In theory, Forge should appeal to both the MMO player looking for a quick fix of PVP that doesn’t require constant grind and the action gamer looking for a class-based shooter more cerebral than Team Fortress 2 or Monday Night Combat. In practice, the former will be put off by the game’s limited character customization and lack of context while the latter will either be completely left behind by the game’s short, useless tutorial or frustrated by the unintuitive MMO mechanics and shoddy presentation.
On a technical level, Forge’s graphics are competent, but the art direction is not only unappealing, it actually hampers the gameplay. The complete lack of faction colors is just the tip of that particular iceberg. The character models are drab, cluttered and difficult to make out at a distance. The maps are equally dull, lacking any kind of personality, logic or environmental story telling. One of them, a labyrinth bathed in glowing red light, is particularly grating. A few maps offer opportunity for some interesting vertical combat and wall-jumping, but for the most part the design is uninspired at best, downright confusing at worst.
The spell effects manage to be both obnoxious and uninformative at the same time. For example: The Pathfinder (ranger) can fire three or four different types of arrows. I’m sure one of them is supposed to be on fire, but they all look very similar. He can also set bombs which, when detonated, appear to release streams of spinach, leading me to believe he may in fact be some kind of highly aggressive nutritionist. The effects, particularly those for the bigger spells of the Pyromancer and Shaman, do a very poor job of conveying what’s actually happening in gameplay terms, impressive when you consider one of those classes is based around the concept of setting people on fire. When combined with the game’s drab color scheme and that weird, MMO-style, floaty animation, the on-screen action quickly becomes farcical, with characters skating around each other like they’re appearing in some kind of fantastic GWAR-on-ice concert. The spotty performance on my slightly-higher-than-mid-range PC didn’t help.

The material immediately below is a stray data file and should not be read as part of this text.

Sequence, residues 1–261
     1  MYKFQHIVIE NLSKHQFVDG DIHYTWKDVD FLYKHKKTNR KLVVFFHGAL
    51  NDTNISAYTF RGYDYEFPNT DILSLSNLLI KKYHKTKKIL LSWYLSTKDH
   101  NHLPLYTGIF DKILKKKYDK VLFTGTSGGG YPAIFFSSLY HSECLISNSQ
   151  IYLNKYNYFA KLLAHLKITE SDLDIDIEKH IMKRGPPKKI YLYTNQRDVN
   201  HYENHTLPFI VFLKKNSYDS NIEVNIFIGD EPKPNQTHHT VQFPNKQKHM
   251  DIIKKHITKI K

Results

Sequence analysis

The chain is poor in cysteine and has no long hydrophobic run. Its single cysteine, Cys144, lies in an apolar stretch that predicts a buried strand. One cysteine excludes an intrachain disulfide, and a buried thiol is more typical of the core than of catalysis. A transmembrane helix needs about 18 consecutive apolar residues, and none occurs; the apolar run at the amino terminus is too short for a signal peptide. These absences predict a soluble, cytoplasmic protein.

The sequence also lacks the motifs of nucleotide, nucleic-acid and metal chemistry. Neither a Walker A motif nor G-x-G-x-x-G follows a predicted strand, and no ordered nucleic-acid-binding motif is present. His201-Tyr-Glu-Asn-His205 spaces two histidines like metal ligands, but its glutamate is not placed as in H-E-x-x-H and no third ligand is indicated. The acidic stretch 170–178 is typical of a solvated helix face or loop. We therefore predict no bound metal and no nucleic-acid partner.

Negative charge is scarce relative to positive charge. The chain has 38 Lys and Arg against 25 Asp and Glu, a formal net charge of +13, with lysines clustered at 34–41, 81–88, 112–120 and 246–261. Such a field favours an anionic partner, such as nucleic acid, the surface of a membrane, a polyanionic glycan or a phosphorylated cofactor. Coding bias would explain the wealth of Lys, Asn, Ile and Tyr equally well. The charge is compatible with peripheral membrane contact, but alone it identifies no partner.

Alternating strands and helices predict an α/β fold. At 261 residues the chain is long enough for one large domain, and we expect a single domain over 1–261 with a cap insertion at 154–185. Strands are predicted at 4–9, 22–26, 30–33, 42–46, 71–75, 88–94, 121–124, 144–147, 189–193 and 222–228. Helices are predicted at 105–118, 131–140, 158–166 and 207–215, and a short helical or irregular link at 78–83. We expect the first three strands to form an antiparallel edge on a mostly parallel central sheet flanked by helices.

The lack of effective visual feedback will serve as the biggest irritant to action gamers. Forge. just doesn’t feel particularly satisfying or even exciting. While there’s fun to be had in outsmarting your opponents, the act of damaging them conveys … nothing, particularly when you’re using ranged attacks. Their health bar goes down and your resource bar goes up, but the action feels distant and abstract. You can play an entire round of Team Deathmatch feeling like you’ve contributed nothing to the team, only to find out you’re at the top of the leaderboard at the end of the match. The game is highly competitive and beautifully balanced, but actually playing it feels like a chore.
There’s a number of other, small, niggling problems with Forge, but I suspect a sizable amount of them are down to the fact the game is still in development. Forge has a ton of potential, and Dark Vale has promised has promised more content in the coming weeks, but as of right now, the game they’re selling simply isn’t good enough.
Bottom Line: Forge has some bright ideas, but they’re buried under the rushed execution and unimaginative presentation.
Recommendation: If you’re a hardcore MMO PVPer looking for pure competition, then Forge might be for you, given some time. Those who’re just starting out in the genre will want to start with something more polished and approachable.[rating=1.5]
Developer: Digital Confectioners
Available from: Amazon(US)